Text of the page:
With the spring market almost upon us, we outline below the main influences on the property market in North Yorkshire, give our opinion on what is likely to happen for the rest of 2017 and release the findings from The Search Partnership House Price Index 2017.

UK market 2016

There were two significant influences on the housing market in 2016; stamp duty and the EU referendum result.

The stamp duty changes introduced two years ago had already started to have an impact at the top of the market, with the upfront costs of buying a home having increased substantially.  The significant change in April 2016 was the introduction of a higher rate of duty on second homes.  The £93,750 in stamp duty to buy a £1.5m house has now increased to £138,750 if you are lucky enough to be buying a second home.  This has had an impact on trading volumes.  The £700m of Stamp Duty revenues expected as a result of the changes have, unfortunately for The Treasury, only realised £330m.

From the beginning of the year, the impending Brexit vote had triggered uncertainty in the UK housing market.  The shock result ensured a “wait and see” attitude on the part of vendors for the remainder of the year as we dealt with the ensuing changes in leadership and the debates over the timing of triggering Article 50.  This is one of the main factors that has led to the lowest levels of housing stock in North Yorkshire for over 30 years.

North Yorkshire 2016

Transaction volumes are always the key indicator as to the general health of a local market.  In North Yorkshire, in January 2016, 701 houses sold.  In February 2016, 737 houses changed hands.  In March, prior to the stamp duty hike on second homes, this number surged to 1,319 and then in April the number of houses changing hands reduced to 632.  Since April, the number of transactions has been gently increasing and the last data for the county shows an average of about 900 per month.  Given the political and economic backdrop and the exceptionally low stock levels this was a surprisingly upbeat finish to 2016.

This time last year we predicted a 4% growth across the whole of the North Yorkshire region and this looks to have been a largely accurate prediction given The Nationwide statistics show a growth figure of 4.4% growth (entire North East region) for the year and the RICS shows 3.5% growth (North Yorkshire only) for the year.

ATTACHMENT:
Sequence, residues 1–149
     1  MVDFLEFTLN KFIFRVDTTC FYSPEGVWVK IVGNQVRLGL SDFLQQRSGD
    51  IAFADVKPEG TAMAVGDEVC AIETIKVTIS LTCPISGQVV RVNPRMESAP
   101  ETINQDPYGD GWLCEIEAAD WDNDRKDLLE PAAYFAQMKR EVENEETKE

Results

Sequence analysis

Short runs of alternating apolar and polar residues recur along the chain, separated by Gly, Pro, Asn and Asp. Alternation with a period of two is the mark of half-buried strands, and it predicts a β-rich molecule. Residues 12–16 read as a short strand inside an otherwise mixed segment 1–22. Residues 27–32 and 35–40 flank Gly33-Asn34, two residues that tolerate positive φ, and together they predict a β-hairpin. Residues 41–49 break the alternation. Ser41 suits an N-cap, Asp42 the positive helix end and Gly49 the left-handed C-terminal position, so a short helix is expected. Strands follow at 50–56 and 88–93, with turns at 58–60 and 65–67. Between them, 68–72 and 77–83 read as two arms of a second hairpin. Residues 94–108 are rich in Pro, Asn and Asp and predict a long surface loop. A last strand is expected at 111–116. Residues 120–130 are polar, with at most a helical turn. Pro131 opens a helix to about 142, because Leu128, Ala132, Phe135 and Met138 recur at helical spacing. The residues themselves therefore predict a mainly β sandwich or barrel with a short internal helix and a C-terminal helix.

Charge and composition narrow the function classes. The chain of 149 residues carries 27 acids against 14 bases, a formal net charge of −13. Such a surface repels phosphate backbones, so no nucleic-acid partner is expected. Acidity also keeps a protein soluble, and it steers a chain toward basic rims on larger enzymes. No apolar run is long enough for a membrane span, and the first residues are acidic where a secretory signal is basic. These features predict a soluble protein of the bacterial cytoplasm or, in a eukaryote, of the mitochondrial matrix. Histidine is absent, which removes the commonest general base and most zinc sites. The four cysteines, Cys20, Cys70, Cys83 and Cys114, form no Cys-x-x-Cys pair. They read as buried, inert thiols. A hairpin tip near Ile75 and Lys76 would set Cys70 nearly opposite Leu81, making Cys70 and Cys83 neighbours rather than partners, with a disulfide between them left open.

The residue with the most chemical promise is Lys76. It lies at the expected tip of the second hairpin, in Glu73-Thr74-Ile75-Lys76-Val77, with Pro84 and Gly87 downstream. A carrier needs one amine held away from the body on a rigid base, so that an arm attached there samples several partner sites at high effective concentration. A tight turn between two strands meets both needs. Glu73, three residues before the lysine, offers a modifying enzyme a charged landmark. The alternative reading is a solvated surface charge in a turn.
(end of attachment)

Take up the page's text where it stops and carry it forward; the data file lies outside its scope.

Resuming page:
The Search Partnership House Price Index

We have updated The Search Partnership House Price Index to summarise the changes in house prices in some of the popular regions of North Yorkshire for 2016 to give a detailed view on pricing in our key operating areas at local level.  The Index focuses on the pounds per square foot of sales achieved during the calendar year by dividing the Land Registry sale price by the Gross Internal square footage of every detached house, in each of the 6 areas shown.  No professional opinions or over optimistic suggestions, just hard facts.

tsp_graph3

12 months ago, the statistics showed that central Harrogate and Wetherby had been the star performers.  This year, the statistics show a very different set of results.  The more rural parts of the county, specifically the villages around Bedale showing the greatest rate of increase – 17.9%.  The opening of the Bedale bypass is the most noticeable change in the area giving shorter journey times from these villages to the A1, resulting in a significant uplift in demand.

Predictions for 2017

The views of the usual pundits for 2017 include the Nationwide showing a 2% average growth across the UK, the RICS predicting a 3% rise, Price Waterhouse suggesting “between 2% and 5% growth” and Rightmove predicting a 2% increase over the calendar year.

Although the threat of rising inflation might get The Bank of England to consider interest rate rises, our view is that money is still cheap to borrow and that does not seem likely to change in the short term.  Brexit has not brought the shock to the housing market that many predicted although we remain cautious about the reaction to the eventual triggering of Article 50.  The remaining thorn in the side of the housing market is the issue of stamp duty; a stamp duty alteration would lead us to increase our optimism for 2017 but without any changes, we predict a growth of 3% in North Yorkshire over the next 12 months.